During the year I was elected to membership in the Academy, generally regarded as the highest American honor a scientist can receive. Whatever my personal merits, the election gave me peculiar gratification, for, as I have earlier remarked, my grandfather, Alexis Caswell, had been one of the charter members.

This year with the Research Council I regard as one of the most fruitful in my career. It brought me into direct contact with large numbers of distinguished scientists and it allowed me to see how their minds worked, what were the problems peculiar to each of the great natural sciences, as we know them, and what were the vital frontiers of research in our time. It also afforded me most interesting contacts with many of the men at the head of the great industries, especially those in the electrical and chemical fields, where the dependence on the natural sciences was most direct. The difference in the progressive outlook of several of these industries as compared with certain others, notably steel, was very striking.

( 18)

Largely, I think, through the influence of the astronomer, George E. Hale, Dr. Walcott, head of the Smithsonian, and John C. Merriam, my predecessor as Chairman of the Council, the Carnegie Corporation made a very large gift for the erection of a stately home for the National Academy and the Council, and also for the support of the Council. I had to give a good deal of time to the preparation of the building plans which Bertram G. Goodhue was selected to draft, and with Robert A. Millikan and George Hale I spent some time in inducing a group of generous citizens to contribute $10,000 apiece for the purchase of the site where the building now stands. All this brought me of necessity into some contact with Elihu Root, Henry S. Pritchett, and other members of the Board of Trustees of the Carnegie Corporation. Perhaps as a result, I was in the late Winter of 1920 invited to become President of the Corporation, which, after Mr. Carnegie's death in 1919, had been conducted by a small Board of Trustees under the chairmanship of Mr. Root.

This invitation compelled me to face the most difficult decision I had yet been called upon to make. The Carnegie Corporation, with immense capital resources, had been created by its founder to operate in the United States in the promotion of human welfare, especially on educational lines broadly conceived. To accept the post meant giving up my lifelong connection with university work, it meant breaking up my friendships of more than a quarter of a century at Chicago, and it meant undertaking a kind of responsibility which I had never before faced.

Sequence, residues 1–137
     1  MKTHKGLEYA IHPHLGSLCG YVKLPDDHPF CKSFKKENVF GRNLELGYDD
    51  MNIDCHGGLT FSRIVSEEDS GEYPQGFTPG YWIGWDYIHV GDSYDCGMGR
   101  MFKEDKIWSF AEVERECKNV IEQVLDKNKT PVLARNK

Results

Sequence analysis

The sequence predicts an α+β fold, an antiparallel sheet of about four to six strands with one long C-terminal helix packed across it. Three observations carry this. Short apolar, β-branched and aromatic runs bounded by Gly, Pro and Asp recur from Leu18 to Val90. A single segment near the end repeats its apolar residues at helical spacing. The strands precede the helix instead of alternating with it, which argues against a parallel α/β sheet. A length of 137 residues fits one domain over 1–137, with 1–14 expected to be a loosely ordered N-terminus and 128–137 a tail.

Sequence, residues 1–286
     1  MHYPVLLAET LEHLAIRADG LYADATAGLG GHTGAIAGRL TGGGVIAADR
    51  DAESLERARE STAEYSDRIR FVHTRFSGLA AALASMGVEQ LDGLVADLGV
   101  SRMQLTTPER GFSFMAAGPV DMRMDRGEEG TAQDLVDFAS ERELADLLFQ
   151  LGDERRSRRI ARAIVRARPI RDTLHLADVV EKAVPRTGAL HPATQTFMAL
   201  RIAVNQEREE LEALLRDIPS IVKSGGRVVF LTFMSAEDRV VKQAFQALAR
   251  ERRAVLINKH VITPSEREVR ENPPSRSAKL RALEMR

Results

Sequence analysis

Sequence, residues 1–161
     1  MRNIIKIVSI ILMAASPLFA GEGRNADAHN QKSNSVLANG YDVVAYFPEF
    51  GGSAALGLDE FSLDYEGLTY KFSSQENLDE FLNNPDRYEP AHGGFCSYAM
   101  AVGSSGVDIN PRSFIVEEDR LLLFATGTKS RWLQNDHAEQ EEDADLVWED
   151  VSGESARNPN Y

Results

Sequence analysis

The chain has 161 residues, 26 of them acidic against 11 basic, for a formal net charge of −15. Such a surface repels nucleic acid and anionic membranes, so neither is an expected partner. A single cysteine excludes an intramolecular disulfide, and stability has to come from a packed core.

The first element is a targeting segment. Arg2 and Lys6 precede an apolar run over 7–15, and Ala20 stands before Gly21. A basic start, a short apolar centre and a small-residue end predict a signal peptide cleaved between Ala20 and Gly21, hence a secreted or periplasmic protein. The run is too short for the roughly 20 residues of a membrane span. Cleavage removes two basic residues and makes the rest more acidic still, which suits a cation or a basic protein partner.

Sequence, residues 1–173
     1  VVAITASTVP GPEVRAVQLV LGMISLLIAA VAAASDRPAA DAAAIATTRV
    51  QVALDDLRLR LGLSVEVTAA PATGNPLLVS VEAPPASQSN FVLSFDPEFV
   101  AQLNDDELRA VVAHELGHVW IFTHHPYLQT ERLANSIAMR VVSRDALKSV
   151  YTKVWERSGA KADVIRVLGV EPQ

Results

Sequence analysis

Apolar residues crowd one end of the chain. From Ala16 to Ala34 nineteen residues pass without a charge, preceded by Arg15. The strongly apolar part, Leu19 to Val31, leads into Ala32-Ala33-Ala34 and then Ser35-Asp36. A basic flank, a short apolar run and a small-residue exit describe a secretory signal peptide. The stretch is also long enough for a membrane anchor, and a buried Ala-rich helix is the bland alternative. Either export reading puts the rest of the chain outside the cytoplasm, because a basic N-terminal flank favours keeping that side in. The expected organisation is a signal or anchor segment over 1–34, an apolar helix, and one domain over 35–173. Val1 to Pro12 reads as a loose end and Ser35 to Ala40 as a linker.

In making my decision, I was inevitably and crucially affected by conditions at the University of Chicago. There I had served as Acting President on several occasions. I had received a good many invitations to university presidencies, that of my own Alma Mater among them, and during the discussions of these calls influential members of the Board of Trustees had more than once expressed the wish that I should remain and, on the retirement of the President, accept the Presidency there-always provided that the clause in the University of Chicago charter, which required the President to be a Baptist, could be abrogated.[1] In any case, however, promotion

( 19) there was, for the time being at least, blocked and my frequent invitations to other positions of consequence kept my status more or less an active subject of comment and discussion in the University community. All this had created a situation which I felt to be a little uncomfortable. Whether President Judson was sensitive to the same situation or not, I have no means of knowing. After rather painful deliberation, I decided to burn my bridges behind me and take over the New York post.

The following year in New York was full of interest. Mr. Root, Mr. Pritchett, Mrs. Carnegie, Mr. Poynton, and others of the Trustees were extremely considerate and helpful in smoothing my path. I was obliged to start pretty well from zero, for there had never been a president other than Mr. Carnegie, and, after his death, the other great Carnegie Foundations tended to look to the Corporation for enlargement of their resources, while those members of the Board who had been Mr. Carnegie's trusted employees, growing up under him in the distribution of his benefactions, tended naturally to follow the beaten path and to look with suspicion, if nothing stronger, upon new faces and new proposals. Accordingly I had first to familiarize myself as well as I could with the history of the Corporation and its relation to these sister institutions, and then to set about determining a wise general policy for the future which could be submitted to my Board. In all this, I had the invaluable assistance of my former student, Beardsley Ruml, who had taken his doctor's degree under me just before we entered the War.